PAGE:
Out-of-hours social work is a common expectation, but I won’t sleep in my car again
Posted on 7/09/2016 by
A child protection social worker talks about the unrecognised danger out of hours work can be for social workers
Every social worker knows the scenario. The call comes in at 4:55pm: “I have a child with a bruise and they’ve disclosed deliberate harm against them”. Cue tonight’s chaos.
With funding low for out of hours systems in children’s services, usually known as ‘Emergency Duty Teams’, there often isn’t capacity to take on dramatic scenes of the day. As a result daytime social workers, already having worked long hours, need to respond to situations that require a lot of work at a time when fatigue has already set in.
It’s a general ‘fait accompli’ that the social worker who has started the child investigation will continue on the job until a safe resolution can be found.
From a service user’s perspective, continuity is important. I’m always mindful that our service users are encountering stressful and potentially life altering situations. However, the current system too often leads to social workers working exhaustive hours, with potentially dangerous repercussions.
Child protection investigations (or s47 investigations) are complicated, time consuming and resolutely challenging. The worker must be able to investigate whether a child is at risk of harm within a short timescale and with minimum resources available. Think of having to find a cure for cancer, but only having penicillin at your disposal.
When a child protection enquiry requires a medical investigation, a complicated series of events come to pass. You might have to plead with a paediatrician to be seen. They tell you that there is a slot in the next half hour. You tell them you’re more than an hour away. Finally a compromise is struck, you run to your car with the pace of an Olympian and race to pick up the family.
Practical factors are at the forefront of your mind: can I fit the number of children present within my car? Do I have the appropriate car seats? Can I drive for an hour, keeping the parents calm when you are (potentially) accusing them of harming their children? Long forgotten is the fact that you arrived at the office at 7am and are driving a family to an unknown situation at 7pm.
Daily mileage can be brutal
A significant part of the working life of a child protection social worker is spent in a car. This can vary widely, but within large authorities, the daily mileage can be brutal. In the last year, I completed 13,000 miles alone for work.
This presents another element of risk where social workers can become fatigued. Across the country, there are tired workers (not just social workers) under pressure to finish the job, driving on busy motorways and A roads. If an accident was to occur, whether due to tiredness or challenging behaviour from passengers, we are the only ones responsible.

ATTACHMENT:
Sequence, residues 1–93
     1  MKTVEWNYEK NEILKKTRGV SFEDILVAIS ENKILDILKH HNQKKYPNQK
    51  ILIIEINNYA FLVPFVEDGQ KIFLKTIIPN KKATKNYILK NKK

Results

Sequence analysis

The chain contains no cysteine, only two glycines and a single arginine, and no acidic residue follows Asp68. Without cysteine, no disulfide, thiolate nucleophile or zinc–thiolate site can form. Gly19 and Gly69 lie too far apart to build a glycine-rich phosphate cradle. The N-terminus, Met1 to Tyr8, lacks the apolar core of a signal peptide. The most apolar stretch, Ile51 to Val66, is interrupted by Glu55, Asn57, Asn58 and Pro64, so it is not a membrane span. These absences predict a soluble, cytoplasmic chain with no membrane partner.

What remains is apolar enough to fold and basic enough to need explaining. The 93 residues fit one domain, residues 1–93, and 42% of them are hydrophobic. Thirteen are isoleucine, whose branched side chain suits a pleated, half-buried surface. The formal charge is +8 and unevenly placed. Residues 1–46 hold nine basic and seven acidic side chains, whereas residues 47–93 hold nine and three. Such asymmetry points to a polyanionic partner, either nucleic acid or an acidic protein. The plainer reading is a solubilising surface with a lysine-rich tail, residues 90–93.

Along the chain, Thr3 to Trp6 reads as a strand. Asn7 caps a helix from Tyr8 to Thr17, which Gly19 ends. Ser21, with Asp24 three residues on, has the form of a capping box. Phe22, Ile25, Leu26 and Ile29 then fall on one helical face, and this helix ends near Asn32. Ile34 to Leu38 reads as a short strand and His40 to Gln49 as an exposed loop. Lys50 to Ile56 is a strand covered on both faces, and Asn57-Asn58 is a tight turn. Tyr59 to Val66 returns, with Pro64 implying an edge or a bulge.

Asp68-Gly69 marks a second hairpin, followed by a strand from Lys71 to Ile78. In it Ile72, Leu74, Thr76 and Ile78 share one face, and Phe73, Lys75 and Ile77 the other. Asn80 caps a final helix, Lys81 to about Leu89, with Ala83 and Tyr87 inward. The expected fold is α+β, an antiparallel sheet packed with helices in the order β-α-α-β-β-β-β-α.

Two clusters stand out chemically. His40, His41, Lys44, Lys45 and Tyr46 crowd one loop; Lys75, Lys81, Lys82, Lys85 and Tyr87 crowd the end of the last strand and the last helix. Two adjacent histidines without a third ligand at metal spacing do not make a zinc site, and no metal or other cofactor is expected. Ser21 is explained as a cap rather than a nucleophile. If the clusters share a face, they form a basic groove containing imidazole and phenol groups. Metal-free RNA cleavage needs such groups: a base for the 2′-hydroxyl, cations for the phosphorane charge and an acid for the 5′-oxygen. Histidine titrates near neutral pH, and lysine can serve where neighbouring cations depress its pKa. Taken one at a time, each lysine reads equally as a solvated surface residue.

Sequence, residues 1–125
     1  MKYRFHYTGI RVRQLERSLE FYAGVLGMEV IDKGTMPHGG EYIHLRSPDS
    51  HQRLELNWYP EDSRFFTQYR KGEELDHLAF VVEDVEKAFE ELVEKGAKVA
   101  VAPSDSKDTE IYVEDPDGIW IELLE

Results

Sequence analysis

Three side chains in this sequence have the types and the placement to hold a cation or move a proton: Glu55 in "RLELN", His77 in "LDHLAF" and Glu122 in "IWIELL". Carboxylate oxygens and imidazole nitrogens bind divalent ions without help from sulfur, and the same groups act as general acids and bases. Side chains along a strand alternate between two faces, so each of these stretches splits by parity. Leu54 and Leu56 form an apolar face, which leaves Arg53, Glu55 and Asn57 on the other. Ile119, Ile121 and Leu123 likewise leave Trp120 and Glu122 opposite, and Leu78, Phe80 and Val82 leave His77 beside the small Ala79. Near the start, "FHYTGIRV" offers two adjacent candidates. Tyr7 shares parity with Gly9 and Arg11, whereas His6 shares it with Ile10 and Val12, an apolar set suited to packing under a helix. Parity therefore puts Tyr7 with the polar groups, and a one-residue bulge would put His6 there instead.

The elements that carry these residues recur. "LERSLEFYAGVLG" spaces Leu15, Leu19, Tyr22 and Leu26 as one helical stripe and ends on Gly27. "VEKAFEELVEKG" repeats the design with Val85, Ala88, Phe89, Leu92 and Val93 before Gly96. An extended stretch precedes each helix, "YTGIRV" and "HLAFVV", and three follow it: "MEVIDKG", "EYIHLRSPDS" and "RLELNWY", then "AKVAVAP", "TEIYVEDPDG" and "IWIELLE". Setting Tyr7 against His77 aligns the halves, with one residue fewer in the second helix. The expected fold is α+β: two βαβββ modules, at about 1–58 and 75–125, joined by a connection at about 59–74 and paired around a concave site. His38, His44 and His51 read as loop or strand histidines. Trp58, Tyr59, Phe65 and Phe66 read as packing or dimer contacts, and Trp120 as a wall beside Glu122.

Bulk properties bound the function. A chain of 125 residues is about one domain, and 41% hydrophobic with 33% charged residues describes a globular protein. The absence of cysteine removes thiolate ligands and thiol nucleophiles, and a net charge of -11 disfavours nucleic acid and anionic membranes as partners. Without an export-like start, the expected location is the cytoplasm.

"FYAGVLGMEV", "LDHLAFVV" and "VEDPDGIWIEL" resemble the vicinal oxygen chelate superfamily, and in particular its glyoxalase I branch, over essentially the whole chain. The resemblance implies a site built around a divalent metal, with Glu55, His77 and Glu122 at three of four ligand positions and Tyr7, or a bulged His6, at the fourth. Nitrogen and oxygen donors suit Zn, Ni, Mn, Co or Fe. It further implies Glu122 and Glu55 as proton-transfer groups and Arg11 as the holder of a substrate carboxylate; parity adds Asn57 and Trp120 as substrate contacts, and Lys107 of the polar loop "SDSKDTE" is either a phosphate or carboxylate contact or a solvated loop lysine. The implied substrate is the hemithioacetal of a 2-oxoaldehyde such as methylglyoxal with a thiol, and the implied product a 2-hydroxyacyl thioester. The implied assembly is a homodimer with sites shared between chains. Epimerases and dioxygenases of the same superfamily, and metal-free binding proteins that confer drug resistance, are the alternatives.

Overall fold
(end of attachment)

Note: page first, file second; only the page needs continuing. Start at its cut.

If you’re a lorry driver, EU rules state you must take breaks totalling at least 45 minutes after no more than 4 hours 30 minutes. I struggle to comprehend why similar guidance does not exist in some form for general drivers using their cars for work in the pursuit of everyday compliance.
With urgent child protection enquiries, we invite adults and children into our own car, without knowing the potential risks to ourselves or other road users. We do not argue – we ignite our engine because we know that the job must be done.
It can be very difficult to assert your position when you are aware of the pressures for your team manager. There are times when many workers take on work that is beyond their capacity because there is no-one else available to respond.
However, a situation I will never repeat is one which was an unconscionable request of my services. I became aware that a child required immediate medical intervention due to severe neglect. The first hurdle was taking the child and her parents to the hospital. It was almost 50 miles from their home and at least an hour and fifteen minute drive.
By the time we arrived at the hospital it was 5pm. Four hours later a decision was made that the child needed to be admitted to hospital. It was agreed that the mother would remain on the ward and the father would go home to collect crucial items. The problem was that the father had no way of getting back home.
I became a taxi driver. No other solution was available at this time of night. Eventually, I dropped the father at home for 11pm. I was two hours away from my house due to the sheer size of the county. I knew that I would have to collect the father at 7am to take him to the hospital, and also make it to court in the same city for a different case.
The resolution: I slept in my car. I knew to drive further would be dangerous and foolish. I also knew that there would be no acceptance from the father or the court if I did not provide the taxi service required, or I arrived late.
The burden of ‘out of hours’ social work, particularly within large counties is an unrecognised danger for social workers. The risk amongst those who have the responsibility of driving and fulfilling their daytime deadlines is not commented upon.
Most social workers will appear tired, but their true fatigue is a serious debate to be had amongst politicians and local authorities. Without transformation and clear risk assessments being completed there is a strong risk of accidents and social workers will ultimately burn out.
Source: Community Care